Monthly Archives: April 2010


Chernobyl nuclear unit number four blew up 24 years ago today.  Officially the disaster killed about 31 people, but we all know that the death toll is much higher.  Today I'd like to briefly discuss the very basic premise of the accident, what actions the Soviets took, and what we can learn from this accident.
The accident occurred during a test that really should have already been preformed.  In the event of the plant losing external power it would take backup generators about a minute to get up to speed and start coolant circulating again.  This was dangerous and the engineers believed that they could use the inertia of the already spinning turbines to generate enough power to run the plant for about 45 seconds.  The details are well documented, but in the end the power spiked, control rods jammed, and the reactor went out of control.  
These RMBK reactors are inherently unstable at low power levels, and the operators did not understand reactor physics well enough to understand what the instrumentation was telling them.  The control rods only reached just over 2m into the reactor before they seized.  The reactor was 7m deep.  
There were two explosions, a steam explosion, followed closely by an explosion from nuclear excursion.  All of this is well explained elsewhere, but at the time the causes were unclear.  In fact, several of the operators thought a tank of hydrogen had exploded, even though they could see chunks of graphite on the ground outside.  
Almost immediately radioactive dust was showering from vents in the plant and many crew received lethal doses and a 'nuclear tan' very quickly.  They were simply replaced with workers from the other reactors.  Some were sent i to lower the control rods manually, only to find that none of that existed anymore.  They instead saw fire hoses dangling unmanned, the firefighters had already fallen after standing right above the core of the unit.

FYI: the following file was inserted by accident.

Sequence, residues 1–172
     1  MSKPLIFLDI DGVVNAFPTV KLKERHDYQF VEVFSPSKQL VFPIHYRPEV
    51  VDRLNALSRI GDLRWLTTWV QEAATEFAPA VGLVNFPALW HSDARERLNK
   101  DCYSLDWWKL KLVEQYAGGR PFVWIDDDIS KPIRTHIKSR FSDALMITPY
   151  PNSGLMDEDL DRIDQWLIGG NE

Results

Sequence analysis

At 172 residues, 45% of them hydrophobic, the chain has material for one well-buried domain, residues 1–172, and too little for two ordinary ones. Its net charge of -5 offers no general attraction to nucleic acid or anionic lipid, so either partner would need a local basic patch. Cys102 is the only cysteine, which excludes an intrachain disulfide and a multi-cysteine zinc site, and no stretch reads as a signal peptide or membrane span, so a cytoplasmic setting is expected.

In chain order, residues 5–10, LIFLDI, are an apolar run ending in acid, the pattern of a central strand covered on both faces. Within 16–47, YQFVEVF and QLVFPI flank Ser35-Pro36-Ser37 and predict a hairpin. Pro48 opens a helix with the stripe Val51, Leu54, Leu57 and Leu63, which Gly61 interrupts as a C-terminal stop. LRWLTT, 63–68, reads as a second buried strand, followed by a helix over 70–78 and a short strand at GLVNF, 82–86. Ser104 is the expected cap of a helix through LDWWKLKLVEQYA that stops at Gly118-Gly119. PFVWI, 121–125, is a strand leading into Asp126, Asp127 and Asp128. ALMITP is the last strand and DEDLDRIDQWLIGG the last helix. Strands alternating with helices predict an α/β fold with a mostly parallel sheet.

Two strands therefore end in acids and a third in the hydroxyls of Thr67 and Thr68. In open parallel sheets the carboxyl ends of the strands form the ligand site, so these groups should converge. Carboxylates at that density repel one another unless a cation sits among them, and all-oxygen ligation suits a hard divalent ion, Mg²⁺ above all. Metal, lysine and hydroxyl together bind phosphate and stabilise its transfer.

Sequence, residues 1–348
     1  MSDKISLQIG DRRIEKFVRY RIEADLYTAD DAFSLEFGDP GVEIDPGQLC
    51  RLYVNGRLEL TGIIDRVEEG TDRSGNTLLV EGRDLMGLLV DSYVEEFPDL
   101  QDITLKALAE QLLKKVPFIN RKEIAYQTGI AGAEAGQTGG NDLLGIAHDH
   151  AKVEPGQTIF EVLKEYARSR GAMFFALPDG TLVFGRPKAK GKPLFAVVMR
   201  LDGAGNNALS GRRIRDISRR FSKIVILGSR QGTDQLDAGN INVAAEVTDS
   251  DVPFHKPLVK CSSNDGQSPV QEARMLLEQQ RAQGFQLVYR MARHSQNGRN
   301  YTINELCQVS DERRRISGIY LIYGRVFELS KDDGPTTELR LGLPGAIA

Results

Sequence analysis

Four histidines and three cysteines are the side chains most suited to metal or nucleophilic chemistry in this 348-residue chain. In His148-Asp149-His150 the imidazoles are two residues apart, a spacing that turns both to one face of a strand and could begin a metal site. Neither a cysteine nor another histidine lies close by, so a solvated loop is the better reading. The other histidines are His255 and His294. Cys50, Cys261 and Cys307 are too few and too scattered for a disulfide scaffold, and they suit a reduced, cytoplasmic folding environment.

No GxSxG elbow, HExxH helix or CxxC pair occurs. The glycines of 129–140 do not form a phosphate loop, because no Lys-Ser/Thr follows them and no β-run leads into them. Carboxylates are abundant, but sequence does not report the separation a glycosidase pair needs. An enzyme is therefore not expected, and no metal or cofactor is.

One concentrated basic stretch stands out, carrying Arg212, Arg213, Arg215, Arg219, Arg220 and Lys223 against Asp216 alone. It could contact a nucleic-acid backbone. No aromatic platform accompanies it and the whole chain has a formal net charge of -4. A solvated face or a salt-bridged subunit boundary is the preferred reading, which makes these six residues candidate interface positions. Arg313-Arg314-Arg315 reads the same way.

The government lied in many cases to the workers and public.  One community was given masks and iodine but didn't distribute them to prevent a panic.  The supplies went to waste.  After that liquidation crews were brought in.  The robots were unreliable and failed quickly.  The government sent soldiers onto the reactor with little protection, they were called 'bio-robots'.  The human side of the story is excellently captured in the book Voices from Chernobyl: The Oral History of a Nuclear Disaster, available here.  The book is also available in many libraries and I highly recommend it, though some of the stories are graphic. Pictured above is the reactor after the explosion, it was enclosed in a hastily built sarcophagus, which is now unstable and must be rebuilt.  The condition of the tunnels dug under the plant by 'bio-robots' is also unknown.  The next picture is of a robot bulldozer being tested.  These were used to bury the cities, but failed to work well and were often replaced by humans.  Some photos from the zone also show spots, recording the massive radiation release.  
So what can be learned from this accident? The obvious results are more training, containment domes, and better reactor design.  The other lessons are about government and public education.  Let's focus on the less controversial public education issue.  Many people refused to leave the zone because nothing was wrong.  They couldn't understand the power of the atoms, the sky was blue, and there was a fire in the distance; why should it mean anything to them? This is why the public needs a basic science education, but now I fear the US has gone too far and induced a fear of the atom.  Nuclear power is a technology to be respected, not feared.  With proper construction, safety measures, and current technology there is no reason to fear an accident in the US.  Waste products are another issue entirely.  
In closing I encourage you to do some research and learn about this disaster.  Also remember all the brave 'bio-robots' that were sent to the station to die while attempting to contain the situation.  You can watch this short video for some photographs from the area.  A documentary about the accident is also available on youtube. 
(None of the photographs are mine, all sourced from Wikipedia)

Wisconsin Meteor - A Great Time to Play with Radar Data